Study links chronic pain to cognitive impairment

For the first time, researchers have made an association between chronic pain and memory loss in older adults, indicating that such pain could somehow result in brain changes that affect cognitive function.
The study was published in a June issue of JAMA Internal Medicine. The team, from UC-San Francisco, analyzed data from 10,000 participants, all of whom were aged 60 or older. When tracked over a course of 10 years, those who said they were persistently troubled by moderate or severe pain declined 9.2 percent faster in tests of memory, compared with those who did not report having such pain.
Vero Beach neurologist S. James Shafer is familiar with this study and agrees there is slightly more cognitive impairment in those suffering from chronic pain. However, he notes that there was no significant increase in dementia in chronic pain sufferers, and that it’s important to distinguish the two.
“Cognitive impairment is a noticeable and measurable decline in cognitive function. Dementia is more severe and impacts the person’s ability to interact with the world personally, socially, or professionally,” Shafer says.
Elizabeth Whitlock, MD, MSc, a postdoctoral fellow at UC-San Francisco and lead author of the study, says the findings point toward new ways of thinking about how to protect older people from the cognitive insults of aging. “Elderly people need to maintain their cognition to stay independent. Up to one in three older people suffer from chronic pain, so understanding the relationship between pain and cognitive decline is an important first step toward finding ways to help this population.”
There are differing opinions among experts about exactly when pain becomes chronic, but it’s safe to say that pain that lasts for six months or more has crossed over from acute (short term) to chronic.
Chronic pain can sometimes be traced to an old injury or an underlying condition such as osteoarthritis, multiple sclerosis, fibromyalgia or shingles. There is also neuropathic pain, in which the nerve fibers themselves may be damaged or dysfunctional. And then there are the cases when chronic pain has no apparent cause; the medical term for this is “idiopathic.”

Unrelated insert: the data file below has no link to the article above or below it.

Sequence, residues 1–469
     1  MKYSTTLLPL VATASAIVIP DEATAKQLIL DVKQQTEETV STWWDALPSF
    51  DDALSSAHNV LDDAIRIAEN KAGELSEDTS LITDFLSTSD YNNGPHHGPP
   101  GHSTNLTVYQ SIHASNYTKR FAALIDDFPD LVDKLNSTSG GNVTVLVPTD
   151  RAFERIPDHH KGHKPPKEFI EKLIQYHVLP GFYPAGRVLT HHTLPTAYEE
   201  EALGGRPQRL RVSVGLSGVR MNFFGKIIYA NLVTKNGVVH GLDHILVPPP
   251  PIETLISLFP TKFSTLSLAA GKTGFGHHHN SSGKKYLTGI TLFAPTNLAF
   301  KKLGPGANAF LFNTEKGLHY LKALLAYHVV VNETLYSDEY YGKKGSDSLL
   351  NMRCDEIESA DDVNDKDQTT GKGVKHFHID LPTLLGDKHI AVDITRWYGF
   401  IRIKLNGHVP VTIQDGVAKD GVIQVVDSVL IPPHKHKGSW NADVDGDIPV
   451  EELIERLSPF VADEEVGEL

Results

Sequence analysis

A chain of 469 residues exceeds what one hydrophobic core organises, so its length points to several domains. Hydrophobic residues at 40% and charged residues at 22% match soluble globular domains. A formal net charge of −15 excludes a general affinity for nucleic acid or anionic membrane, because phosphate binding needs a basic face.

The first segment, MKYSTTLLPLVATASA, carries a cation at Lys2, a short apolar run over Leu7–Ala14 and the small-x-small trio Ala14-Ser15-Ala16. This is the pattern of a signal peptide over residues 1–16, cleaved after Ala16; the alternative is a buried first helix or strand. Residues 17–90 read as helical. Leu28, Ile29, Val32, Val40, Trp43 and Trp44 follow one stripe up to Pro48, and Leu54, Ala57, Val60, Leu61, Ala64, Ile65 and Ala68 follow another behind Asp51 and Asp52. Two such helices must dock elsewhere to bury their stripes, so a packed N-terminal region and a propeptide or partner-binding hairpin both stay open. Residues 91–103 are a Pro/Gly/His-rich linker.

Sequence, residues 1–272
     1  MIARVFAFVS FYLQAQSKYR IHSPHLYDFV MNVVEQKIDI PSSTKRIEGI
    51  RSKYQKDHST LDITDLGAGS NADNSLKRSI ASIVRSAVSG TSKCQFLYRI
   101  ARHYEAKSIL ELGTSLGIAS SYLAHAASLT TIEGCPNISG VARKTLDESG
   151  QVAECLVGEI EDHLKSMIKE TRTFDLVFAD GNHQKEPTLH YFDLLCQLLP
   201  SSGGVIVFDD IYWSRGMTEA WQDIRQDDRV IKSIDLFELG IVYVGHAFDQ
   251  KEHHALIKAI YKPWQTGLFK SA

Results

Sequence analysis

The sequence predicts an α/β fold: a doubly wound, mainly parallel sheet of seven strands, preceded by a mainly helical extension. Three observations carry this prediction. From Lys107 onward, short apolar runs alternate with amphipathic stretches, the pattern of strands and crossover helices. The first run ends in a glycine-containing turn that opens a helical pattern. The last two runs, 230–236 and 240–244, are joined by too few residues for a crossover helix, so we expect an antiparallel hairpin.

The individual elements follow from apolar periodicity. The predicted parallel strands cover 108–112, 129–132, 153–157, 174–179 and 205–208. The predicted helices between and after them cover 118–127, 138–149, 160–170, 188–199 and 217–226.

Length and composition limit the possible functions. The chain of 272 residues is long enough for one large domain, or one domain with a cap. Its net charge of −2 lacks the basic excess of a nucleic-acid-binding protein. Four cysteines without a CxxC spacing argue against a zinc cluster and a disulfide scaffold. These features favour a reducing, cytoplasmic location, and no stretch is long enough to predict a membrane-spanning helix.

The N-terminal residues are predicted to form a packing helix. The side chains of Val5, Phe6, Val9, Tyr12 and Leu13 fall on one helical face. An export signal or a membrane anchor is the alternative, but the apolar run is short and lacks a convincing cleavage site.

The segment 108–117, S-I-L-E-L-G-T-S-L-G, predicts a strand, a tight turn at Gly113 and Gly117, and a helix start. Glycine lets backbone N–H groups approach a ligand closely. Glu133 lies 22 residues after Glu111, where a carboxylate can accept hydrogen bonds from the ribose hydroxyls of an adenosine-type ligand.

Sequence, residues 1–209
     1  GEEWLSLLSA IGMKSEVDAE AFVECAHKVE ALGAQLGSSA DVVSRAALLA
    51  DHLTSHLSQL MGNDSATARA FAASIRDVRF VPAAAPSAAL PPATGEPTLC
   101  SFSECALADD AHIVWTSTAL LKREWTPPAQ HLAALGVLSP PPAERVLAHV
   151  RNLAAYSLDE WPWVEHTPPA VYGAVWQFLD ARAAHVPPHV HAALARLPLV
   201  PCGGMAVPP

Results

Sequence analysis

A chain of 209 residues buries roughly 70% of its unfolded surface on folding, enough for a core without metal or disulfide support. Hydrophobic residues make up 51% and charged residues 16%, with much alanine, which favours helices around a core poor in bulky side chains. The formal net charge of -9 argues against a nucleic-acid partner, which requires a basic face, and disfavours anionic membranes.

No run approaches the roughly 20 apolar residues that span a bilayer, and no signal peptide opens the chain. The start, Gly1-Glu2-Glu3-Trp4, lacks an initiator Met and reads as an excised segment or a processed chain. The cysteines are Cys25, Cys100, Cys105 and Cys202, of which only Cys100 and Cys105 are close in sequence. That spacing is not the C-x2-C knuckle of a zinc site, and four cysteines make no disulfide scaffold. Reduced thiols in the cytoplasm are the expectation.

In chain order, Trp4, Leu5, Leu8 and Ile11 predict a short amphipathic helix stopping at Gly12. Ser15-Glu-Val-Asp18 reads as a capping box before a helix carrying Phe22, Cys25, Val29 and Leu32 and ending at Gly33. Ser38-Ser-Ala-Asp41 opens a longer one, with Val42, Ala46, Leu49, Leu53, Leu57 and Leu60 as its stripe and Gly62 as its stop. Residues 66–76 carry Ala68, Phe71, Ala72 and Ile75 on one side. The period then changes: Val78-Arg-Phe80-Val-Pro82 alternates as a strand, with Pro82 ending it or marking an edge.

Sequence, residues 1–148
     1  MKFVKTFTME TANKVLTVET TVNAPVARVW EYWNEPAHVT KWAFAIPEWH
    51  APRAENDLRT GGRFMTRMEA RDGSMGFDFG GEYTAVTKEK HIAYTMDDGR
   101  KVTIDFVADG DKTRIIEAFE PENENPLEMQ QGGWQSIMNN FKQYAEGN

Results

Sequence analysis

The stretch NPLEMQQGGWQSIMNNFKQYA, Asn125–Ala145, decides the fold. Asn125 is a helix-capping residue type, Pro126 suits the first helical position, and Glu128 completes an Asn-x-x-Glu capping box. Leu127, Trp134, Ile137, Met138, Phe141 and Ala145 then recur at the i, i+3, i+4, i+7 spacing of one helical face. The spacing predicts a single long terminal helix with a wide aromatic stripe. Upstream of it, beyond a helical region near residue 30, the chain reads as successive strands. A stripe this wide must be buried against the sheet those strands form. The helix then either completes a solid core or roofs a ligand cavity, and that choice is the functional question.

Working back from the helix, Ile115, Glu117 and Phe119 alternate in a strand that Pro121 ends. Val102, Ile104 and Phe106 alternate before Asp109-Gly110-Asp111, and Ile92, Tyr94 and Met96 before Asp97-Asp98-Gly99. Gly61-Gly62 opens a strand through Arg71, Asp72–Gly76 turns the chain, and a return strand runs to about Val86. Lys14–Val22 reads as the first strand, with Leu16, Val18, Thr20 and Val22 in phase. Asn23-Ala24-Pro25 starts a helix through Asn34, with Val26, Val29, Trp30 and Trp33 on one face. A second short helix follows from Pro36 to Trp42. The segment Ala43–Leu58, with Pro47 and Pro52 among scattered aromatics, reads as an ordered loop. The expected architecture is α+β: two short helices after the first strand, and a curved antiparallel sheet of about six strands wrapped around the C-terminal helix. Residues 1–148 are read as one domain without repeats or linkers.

There are separate yet overlapping reasons for the association between chronic pain and dementia:
• Vero’s Dr. Shafer says that opioids (and other types of pain medications) work by blocking pain receptors throughout the nervous system; and by doing so can block receptors that are involved in cognitive function.
• The experience of chronic pain itself, from a biological perspective, may compromise the brain’s ability to form memories and also impair other cognitive functions.
• Chronic pain can also have a non-biological (but just as real) impact. Dr. Shafer says, “Chronic pain takes up a lot of the sufferer’s attention. It is distracting and can affect the ability to process and retain information.”
• It is known that the emotional stress of being in pain activates stress-hormone pathways in the body that have been associated with cognitive decline.
Many current pain management therapies, in addition to being addictive, are not always effective, and doctors are continually seeking ways to provide their patients with relief.
UC-San Francisco’s Whitlock says that patients who are suffering with chronic pain, and may be experiencing a more rapid cognitive decline as a result, can be helped by a number of techniques and strategies, such as assistive devices, physical and occupational therapy, and “mindfulness” meditation techniques.
All are geared toward increasing “self-efficacy” (a belief in one’s ability to accomplish a task or succeed in a specific situation) and curbing the emotional impact of chronic pain.
Dr. Shafer agrees that “alternative” pain management techniques can be effective, if correctly tailored to the individual. He says, “There are good things out there, like hypnotherapy and acupuncture. And believe it or not, good old-fashioned exercise can also be a big help.”
Biofeedback is another technique that Dr. Shafer says can be helpful in the management of pain. The person is connected to electrical sensors that provide feedback about body functions, such as heart rate. This feedback helps the person make subtle changes in their body, such as relaxing certain muscles, which helps to reduce pain.
Dr. Shafer wants the community to know that pain, especially in older people, can be a manifestation of depression, and sufferers should talk to their doctor about whether depression could be a factor in their chronic pain, as there are treatment options for depression that could end up reducing pain.
Dr. Shafer sees patients and conducts research at the Vero Beach Neurology and Research Institute, located at 1040 37th Place, Suite 201, in Vero Beach. The phone number is 772-492-7051.

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